The actual house itself was not in bad shape, especially considering its age and condition. It was sturdy, dependable place with a lot of charm and character, which made it all the easier to work with. A few coats of paint here, some hardwood resurfacing there; the house would be as good as new. With all the work he had been putting into the home—even going so far as to show up for the closing in the middle of his renovating and returning once the paperwork had been officiated—Reeves decided to get some help on his remaining challenges. Though he had no formal instruction on projects of this caliber, he relied on his obsession with DIY networks and his skills as a fast learner to make a deck on the back of the property. Thankfully, he had friends who were will to at least offer moral support as he strained away on the home improvement tasks. While he was hard at work whittling away the hours, a stranger happened to emerge on the premises. The man simply waltzed in, as if he was in a trance. He looked around, walking to and fro, examining the house, before asking if Reeves knew why the house had been put up for sale. As it turned out, the man was actually good friends with the prior occupant, though not the kindly old woman who had moved away. That woman’s son was his friend and neighbor, and he explained that the house did not have the greatest of reputations. In fact, it was he who had found the body of his friend hanging from the stair rail in a gruesomely successful suicide attempt. According to the stranger, the young man was distraught over many things—namely, his father’s recent passing and his mother’s decision to move away and remarry. The stranger disappeared back into the silent night, dispersing as eerily as he had emerged. With the newfound potential of ghosts haunting their every waking thought, the friends and Reeves managed to get their improvements done as rapidly as possible.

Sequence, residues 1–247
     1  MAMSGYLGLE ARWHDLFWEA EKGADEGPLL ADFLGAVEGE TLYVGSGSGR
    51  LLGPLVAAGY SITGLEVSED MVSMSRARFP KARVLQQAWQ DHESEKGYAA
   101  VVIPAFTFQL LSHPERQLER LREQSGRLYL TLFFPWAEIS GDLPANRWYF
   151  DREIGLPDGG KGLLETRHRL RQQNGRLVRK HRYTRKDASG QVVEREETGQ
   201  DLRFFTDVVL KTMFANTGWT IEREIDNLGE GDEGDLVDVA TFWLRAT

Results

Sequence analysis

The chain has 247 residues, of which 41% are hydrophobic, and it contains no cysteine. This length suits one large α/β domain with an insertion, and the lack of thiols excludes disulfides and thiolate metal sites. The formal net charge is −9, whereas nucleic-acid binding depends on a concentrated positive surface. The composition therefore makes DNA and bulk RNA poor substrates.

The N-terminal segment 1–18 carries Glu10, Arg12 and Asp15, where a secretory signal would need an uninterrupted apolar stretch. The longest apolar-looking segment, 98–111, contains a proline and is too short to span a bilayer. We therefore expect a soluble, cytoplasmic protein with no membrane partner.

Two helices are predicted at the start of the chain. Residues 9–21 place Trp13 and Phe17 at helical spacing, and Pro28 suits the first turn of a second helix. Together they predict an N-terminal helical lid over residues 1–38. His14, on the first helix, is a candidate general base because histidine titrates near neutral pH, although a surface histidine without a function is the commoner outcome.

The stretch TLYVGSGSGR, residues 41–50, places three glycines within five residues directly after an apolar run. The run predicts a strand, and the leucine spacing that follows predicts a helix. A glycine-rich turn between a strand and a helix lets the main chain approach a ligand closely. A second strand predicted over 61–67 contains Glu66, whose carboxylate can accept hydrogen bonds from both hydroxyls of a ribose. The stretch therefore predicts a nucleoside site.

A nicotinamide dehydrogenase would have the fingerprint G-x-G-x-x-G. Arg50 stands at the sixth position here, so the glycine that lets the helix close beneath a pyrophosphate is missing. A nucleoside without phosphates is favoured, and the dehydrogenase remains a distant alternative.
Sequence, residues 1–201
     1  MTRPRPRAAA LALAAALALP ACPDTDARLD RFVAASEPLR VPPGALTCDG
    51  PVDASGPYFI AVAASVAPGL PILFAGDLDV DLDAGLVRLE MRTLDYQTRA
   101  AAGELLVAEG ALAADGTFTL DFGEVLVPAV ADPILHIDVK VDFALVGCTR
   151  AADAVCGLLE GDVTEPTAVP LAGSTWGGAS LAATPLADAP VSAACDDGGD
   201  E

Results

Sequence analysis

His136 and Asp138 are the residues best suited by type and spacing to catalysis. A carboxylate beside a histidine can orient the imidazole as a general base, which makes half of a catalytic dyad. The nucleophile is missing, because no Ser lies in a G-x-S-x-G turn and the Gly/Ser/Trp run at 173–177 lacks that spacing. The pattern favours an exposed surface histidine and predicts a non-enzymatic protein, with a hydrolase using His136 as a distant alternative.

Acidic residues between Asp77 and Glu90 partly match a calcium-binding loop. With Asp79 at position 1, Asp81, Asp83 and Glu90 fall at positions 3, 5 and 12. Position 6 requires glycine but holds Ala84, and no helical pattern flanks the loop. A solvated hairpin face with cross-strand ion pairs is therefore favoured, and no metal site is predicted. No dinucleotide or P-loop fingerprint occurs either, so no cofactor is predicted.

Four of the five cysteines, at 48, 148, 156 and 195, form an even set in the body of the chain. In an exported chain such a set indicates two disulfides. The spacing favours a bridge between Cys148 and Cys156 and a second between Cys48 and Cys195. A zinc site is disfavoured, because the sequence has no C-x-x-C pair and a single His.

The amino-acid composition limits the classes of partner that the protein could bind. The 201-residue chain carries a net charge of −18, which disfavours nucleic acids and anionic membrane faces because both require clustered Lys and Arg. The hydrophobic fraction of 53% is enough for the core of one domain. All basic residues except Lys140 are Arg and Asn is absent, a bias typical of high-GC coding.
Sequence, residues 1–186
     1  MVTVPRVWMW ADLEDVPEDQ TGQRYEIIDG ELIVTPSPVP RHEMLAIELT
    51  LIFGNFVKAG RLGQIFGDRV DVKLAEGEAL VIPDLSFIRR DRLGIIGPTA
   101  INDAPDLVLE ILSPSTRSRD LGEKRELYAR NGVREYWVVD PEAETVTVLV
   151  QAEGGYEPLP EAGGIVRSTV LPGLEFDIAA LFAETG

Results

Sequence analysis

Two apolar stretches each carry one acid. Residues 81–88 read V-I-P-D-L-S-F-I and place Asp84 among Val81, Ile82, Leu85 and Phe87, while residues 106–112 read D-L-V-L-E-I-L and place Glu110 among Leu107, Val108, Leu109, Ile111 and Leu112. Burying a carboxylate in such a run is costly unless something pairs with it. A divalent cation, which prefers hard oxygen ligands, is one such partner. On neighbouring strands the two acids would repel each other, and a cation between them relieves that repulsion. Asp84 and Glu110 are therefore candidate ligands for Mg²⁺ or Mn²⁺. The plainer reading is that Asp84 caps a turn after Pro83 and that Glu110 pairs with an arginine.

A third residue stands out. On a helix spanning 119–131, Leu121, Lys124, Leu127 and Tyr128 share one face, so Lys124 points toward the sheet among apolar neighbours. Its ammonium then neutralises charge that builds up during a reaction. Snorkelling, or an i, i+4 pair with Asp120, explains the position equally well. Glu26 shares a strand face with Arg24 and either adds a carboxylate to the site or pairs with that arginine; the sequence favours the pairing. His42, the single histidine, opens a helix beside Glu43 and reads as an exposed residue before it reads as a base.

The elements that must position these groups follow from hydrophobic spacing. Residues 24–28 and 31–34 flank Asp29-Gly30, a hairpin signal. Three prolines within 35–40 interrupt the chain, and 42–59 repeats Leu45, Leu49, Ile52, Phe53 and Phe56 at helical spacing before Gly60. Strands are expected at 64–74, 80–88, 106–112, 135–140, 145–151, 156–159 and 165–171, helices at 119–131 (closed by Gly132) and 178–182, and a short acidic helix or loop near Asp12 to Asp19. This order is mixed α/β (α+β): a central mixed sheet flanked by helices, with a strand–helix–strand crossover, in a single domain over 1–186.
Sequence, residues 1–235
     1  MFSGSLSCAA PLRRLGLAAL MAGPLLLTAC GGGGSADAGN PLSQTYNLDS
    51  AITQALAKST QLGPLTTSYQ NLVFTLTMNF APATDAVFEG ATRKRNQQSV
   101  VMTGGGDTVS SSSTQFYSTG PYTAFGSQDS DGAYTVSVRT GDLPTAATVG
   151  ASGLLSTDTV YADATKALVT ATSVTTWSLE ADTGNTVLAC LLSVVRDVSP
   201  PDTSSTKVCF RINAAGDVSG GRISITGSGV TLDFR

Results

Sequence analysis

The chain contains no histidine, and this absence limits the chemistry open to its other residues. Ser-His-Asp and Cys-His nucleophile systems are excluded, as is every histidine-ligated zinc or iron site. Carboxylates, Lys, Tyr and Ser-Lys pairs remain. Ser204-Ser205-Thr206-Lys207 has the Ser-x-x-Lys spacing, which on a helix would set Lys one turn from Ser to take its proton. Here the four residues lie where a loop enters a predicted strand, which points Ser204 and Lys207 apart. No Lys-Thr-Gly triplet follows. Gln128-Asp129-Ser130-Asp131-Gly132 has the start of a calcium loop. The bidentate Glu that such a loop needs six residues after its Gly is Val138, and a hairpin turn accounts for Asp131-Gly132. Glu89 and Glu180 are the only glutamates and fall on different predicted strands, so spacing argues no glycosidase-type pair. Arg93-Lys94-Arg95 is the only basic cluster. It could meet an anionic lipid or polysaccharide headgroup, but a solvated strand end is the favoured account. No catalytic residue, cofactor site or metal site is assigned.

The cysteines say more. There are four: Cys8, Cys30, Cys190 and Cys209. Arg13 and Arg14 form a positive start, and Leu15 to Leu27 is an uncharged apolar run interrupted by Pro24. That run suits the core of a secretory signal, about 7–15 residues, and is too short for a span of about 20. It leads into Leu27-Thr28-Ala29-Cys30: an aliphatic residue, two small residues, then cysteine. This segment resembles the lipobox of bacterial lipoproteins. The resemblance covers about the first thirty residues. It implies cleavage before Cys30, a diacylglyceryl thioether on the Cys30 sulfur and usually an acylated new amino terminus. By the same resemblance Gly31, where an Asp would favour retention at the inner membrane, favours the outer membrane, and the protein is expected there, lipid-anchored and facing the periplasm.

The Problems Never Stop